Ofcom is warning ISPs to be clear on their traffic management policies, threatening regulation if any attempts to stifle competing services are made.
Traffic management, or throttling, is used by Internet Service Providers (ISPs) to deal with congestion by slowing down or accelerating the flow of traffic over the internet, particularly during peak times. To accommodate larger loads of traffic, services such as streaming, downloading and Peer-to-Peer services are often deliberately slowed.
The industry regulatory body today raised concerns that throttling may be being used by ISPs to target competing services in a manner which is not visible to consumers, and thus be a form of unfair trading.
It announced today that it will impose minimum quality of service levels on UK ISPs if they cannot self regulate.
For example, BSkyB customers could find that ITV’s online video player or BBC’s iPlayer is throttled back, while Sky’s on video service SkyGo runs at full speed in HD.
Video and audio copyright holders have also repeatedly lobbied ISPs and the government to cut off access to file sharing websites, or throttle back their speeds. In the modern globalised world, sometimes these companies are often one and the same.
Although UK ISPs already provide some consumer information on their use of traffic management, Ofcom believes it currently does not go far enough and needs to be made clearer and easier to understand.
In March 2011 the UK’s largest ISPs signed up to a voluntary Code of Practice which requires each one to produce a comparable table of traffic management information called a Key Facts Indicator (KFI). These were launched in June 2011. Ofcom now wants them to go further, and print information concerning average download speeds (rather than the maximum speeds often quoted) and any other company policy concerning traffic management.
Communications Consumer Panel chair Bob Warner believes that Ofcom’s statement will be good for consumers.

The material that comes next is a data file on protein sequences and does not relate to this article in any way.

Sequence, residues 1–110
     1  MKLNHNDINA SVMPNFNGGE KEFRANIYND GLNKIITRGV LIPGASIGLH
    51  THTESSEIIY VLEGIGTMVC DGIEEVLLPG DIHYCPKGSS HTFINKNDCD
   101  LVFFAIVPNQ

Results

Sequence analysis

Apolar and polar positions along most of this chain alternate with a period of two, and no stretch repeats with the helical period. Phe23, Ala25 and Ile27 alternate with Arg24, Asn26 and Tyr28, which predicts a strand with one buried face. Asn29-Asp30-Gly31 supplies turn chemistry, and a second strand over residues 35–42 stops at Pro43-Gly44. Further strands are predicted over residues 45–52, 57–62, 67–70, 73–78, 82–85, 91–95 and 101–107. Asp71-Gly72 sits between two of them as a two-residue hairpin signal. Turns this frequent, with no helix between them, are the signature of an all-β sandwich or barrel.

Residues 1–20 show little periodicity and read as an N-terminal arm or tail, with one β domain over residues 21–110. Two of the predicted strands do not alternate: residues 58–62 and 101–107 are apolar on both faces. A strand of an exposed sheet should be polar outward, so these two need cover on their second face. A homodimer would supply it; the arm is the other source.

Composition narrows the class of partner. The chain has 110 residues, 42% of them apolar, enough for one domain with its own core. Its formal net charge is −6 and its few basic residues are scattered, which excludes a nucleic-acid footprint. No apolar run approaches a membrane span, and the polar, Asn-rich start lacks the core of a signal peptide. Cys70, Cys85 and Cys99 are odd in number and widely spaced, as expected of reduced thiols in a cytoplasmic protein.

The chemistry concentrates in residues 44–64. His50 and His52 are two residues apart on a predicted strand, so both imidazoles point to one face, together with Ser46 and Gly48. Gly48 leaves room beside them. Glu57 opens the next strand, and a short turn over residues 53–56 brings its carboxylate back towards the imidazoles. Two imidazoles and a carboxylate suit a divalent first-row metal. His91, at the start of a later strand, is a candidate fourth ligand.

"The Consumer Panel has argued that ISPs must first make consumers aware of what internet traffic management is and how it potentially affects them. Without this it will be difficult for consumers to make informed choices about the broadband service that suits them," he said.
"How we manage broadband congestion is still at an early stage, but it will be vital for Ofcom to continue to monitor the potential for harm to consumers and take early action to ensure consumers benefit from effective transparency."
In the US, ISPs have long lobbied for the right to offer a premium service (i.e. higher speeds) to paying customers, above and beyond the conventional service. The US Senate threw it out as a breach of net neutrality, long a central tenet of the World Wide Web.
Net neutrality is the idea that every parcel of data should be treated equally regardless of the type of content being transmitted.
Members of the European parliament passed a resolution last week that the Internet should be kept "open and neutral" and attempts to infringe on net neutrality should be blocked. Neelie Kroes, vice president of the European Commission and commissioner for the Digital Agenda, has called on the market to self regulate – but has not taken legislative remedy off the table.
Ofcom’s Net Neutrality statement can be read here.